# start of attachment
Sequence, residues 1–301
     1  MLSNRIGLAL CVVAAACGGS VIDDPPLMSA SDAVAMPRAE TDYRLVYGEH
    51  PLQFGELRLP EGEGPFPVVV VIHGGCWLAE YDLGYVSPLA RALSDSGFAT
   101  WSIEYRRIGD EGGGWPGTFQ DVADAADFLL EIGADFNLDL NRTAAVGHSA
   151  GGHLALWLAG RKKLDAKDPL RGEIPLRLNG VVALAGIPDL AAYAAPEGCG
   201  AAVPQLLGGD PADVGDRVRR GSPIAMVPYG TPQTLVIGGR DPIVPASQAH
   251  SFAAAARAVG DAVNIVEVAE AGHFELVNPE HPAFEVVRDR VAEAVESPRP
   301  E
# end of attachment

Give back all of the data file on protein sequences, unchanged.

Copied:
Sequence, residues 1–301
     1  MLSNRIGLAL CVVAAACGGS VIDDPPLMSA SDAVAMPRAE TDYRLVYGEH
    51  PLQFGELRLP EGEGPFPVVV VIHGGCWLAE YDLGYVSPLA RALSDSGFAT
   101  WSIEYRRIGD EGGGWPGTFQ DVADAADFLL EIGADFNLDL NRTAAVGHSA
   151  GGHLALWLAG RKKLDAKDPL RGEIPLRLNG VVALAGIPDL AAYAAPEGCG
   201  AAVPQLLGGD PADVGDRVRR GSPIAMVPYG TPQTLVIGGR DPIVPASQAH
   251  SFAAAARAVG DAVNIVEVAE AGHFELVNPE HPAFEVVRDR VAEAVESPRP
   301  E